In what might be the least surprising news of the summer, Will Goldfarb has told Grub Street that Room 4 Dessert, at least in its current location, is kaput. (The place has been closed for months, but Goldfarb has been promising it would reopen.) “We’re officially pulling the plug on 17 Cleveland Place,” the cake whiz tells us. “But we’re going to reopen, bigger and better, six months from today.” Goldfarb, theatrical as ever, refuses to disclose the location of the new place, except to say that it’s downtown “in another high-profile restaurant row.”
It’s time we finally admitted it: Our winding journey with Sam Mason has come to an end. Construction crews told a Grub Street staffer that the Tailor people plan for an August 6 opening. There might be some truth to this: The date’s not all that far off from the official “mid-August” projection we were recently given, and frankly, we’d sooner believe the laborers than publicists nervous over a massively hyped opening day. And so, we present this album of the magical moments we shared with Mason as he chased the dream of Tailor. If nothing else, we’ll have the memories.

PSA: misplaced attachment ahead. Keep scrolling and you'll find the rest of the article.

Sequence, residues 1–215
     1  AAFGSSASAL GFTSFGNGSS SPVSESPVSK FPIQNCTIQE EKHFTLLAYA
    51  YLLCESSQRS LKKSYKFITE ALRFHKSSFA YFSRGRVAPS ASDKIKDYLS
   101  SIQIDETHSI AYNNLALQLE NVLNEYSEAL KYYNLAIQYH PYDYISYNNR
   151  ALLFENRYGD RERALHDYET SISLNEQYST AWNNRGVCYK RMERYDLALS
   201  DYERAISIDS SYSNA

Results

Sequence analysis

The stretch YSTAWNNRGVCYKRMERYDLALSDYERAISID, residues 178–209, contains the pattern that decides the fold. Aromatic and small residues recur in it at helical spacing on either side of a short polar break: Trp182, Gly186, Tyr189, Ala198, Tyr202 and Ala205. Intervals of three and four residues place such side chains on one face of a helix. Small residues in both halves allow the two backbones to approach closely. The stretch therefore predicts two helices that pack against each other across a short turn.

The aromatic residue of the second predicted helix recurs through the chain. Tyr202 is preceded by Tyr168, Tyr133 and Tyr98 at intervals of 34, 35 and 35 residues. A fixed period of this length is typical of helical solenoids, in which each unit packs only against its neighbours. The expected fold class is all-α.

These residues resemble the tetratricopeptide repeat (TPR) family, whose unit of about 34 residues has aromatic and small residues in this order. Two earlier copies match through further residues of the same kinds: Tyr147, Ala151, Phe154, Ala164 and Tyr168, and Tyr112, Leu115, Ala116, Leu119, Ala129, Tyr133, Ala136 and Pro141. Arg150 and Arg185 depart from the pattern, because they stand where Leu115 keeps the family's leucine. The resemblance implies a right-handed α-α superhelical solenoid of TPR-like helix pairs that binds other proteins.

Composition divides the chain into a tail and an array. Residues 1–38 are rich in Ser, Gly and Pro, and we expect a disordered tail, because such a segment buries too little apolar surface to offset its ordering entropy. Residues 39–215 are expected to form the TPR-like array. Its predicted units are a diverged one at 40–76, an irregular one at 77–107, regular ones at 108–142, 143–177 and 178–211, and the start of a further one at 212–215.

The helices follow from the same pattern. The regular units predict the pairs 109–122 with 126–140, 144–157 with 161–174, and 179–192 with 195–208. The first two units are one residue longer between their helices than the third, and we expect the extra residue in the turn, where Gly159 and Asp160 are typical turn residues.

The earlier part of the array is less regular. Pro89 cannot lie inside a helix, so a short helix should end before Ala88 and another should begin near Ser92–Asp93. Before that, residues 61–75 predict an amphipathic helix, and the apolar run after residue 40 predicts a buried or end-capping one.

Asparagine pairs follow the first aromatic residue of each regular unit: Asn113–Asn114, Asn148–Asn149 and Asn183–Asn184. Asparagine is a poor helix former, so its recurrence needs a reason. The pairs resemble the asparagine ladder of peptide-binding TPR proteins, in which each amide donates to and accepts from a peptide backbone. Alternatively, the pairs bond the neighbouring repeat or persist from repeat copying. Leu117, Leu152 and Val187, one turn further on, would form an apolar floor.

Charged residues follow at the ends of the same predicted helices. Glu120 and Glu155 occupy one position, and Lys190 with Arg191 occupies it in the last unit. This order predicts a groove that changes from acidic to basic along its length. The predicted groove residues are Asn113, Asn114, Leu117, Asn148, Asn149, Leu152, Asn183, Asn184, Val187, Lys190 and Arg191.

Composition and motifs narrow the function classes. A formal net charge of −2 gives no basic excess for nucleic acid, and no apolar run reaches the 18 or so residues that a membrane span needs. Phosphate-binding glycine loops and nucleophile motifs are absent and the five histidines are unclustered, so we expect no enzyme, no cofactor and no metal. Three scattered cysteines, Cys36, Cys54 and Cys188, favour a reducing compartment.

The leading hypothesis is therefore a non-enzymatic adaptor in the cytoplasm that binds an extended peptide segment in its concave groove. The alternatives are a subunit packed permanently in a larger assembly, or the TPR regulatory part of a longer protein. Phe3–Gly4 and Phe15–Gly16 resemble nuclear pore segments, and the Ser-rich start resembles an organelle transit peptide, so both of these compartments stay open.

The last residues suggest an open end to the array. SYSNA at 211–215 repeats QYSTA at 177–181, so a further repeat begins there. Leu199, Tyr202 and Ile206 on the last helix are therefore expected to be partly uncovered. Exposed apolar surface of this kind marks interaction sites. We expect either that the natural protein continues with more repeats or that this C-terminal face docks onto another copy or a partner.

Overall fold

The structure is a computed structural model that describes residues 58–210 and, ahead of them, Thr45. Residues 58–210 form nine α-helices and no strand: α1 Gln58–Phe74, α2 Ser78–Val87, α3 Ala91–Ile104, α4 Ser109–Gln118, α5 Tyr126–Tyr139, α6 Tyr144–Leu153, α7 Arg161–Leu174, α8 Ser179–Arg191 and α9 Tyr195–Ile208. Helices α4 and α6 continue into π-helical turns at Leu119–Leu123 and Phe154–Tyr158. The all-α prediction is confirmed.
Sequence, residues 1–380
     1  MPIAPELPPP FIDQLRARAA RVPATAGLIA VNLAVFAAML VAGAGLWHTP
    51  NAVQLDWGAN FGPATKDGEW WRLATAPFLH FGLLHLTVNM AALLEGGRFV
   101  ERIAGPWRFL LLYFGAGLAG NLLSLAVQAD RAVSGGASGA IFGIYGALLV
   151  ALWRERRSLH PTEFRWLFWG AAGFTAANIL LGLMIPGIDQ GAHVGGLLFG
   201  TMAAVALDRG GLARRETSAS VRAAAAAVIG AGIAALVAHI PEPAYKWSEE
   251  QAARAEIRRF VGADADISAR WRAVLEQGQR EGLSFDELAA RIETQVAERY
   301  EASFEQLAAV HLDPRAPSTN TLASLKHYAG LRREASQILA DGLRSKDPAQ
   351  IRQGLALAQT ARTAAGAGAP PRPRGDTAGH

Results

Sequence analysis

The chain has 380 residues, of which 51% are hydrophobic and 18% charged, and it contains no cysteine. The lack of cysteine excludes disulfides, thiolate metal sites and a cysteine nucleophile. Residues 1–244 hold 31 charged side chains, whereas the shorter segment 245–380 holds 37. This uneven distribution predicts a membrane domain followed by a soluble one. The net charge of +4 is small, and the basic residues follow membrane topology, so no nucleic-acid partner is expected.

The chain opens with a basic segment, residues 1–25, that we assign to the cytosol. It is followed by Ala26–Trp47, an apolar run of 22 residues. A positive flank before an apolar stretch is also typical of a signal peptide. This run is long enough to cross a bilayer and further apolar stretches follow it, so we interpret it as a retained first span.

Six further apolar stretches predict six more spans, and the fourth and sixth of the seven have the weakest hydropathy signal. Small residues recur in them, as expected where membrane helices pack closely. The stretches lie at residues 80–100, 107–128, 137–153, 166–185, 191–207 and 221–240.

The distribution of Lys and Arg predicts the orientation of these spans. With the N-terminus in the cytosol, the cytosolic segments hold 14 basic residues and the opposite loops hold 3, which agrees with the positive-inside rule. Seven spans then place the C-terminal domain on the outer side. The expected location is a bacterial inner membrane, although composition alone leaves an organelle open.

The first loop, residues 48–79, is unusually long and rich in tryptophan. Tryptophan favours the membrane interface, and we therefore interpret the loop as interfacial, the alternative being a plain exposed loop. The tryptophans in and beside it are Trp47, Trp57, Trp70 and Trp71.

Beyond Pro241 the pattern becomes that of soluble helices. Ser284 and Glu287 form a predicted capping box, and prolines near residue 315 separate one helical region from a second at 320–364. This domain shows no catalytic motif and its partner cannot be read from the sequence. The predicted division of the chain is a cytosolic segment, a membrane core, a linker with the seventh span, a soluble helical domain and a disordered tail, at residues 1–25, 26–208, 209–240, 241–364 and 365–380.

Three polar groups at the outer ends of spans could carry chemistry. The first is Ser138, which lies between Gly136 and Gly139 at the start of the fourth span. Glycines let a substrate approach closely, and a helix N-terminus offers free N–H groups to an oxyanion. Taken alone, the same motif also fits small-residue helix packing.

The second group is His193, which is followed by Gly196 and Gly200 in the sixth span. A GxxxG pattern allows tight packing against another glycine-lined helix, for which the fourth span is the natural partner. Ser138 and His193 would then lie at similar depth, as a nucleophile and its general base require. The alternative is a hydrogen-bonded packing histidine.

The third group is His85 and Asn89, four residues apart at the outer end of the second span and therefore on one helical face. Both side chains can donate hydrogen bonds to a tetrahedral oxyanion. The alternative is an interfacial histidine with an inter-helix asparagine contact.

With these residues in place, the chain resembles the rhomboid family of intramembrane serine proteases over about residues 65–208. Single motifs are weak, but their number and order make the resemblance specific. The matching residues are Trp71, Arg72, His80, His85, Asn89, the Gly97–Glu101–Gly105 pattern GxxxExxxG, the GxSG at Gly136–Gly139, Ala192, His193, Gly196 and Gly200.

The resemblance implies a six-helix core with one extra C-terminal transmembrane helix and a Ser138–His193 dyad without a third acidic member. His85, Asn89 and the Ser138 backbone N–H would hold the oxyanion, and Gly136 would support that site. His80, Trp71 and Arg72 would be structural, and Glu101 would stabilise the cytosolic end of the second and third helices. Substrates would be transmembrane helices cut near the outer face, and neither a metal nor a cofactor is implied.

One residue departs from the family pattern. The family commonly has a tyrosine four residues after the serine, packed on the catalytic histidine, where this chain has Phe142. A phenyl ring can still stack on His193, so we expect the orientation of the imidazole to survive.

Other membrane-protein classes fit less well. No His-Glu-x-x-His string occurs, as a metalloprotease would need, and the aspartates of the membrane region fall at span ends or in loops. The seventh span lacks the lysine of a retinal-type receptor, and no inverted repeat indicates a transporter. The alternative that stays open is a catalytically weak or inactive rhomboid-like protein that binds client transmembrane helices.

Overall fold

Earlier: Sam Mason Has Maybe a Month or So to Visit Fire IslandThe Launch
Bill Corbett, the pastry chef at Anthos (we recently featured his Sesame in Sesame dessert in the Annotated Dish), is riding his wave of acclaim all the way out of town: The fast-rising young chef has been hired to head up the pastry kitchen at Michael Mina in San Francisco. Corbett was attracted, he says, by the chance to work with his old mentor, Lincoln Carson, currently Mina’s corporate pastry chef. Of his short, successful run at Anthos, Corbett says, “I am really proud of what we did at Anthos. It was a really good experience for me to be there.” Corbett designed all the desserts in keeping with Anthos’ haute-Greek mission; the restaurant will be keeping a number of them on the menu, including Sesame in Sesame.
Related: Anthos' 'Most Innovative' Sesame Dessert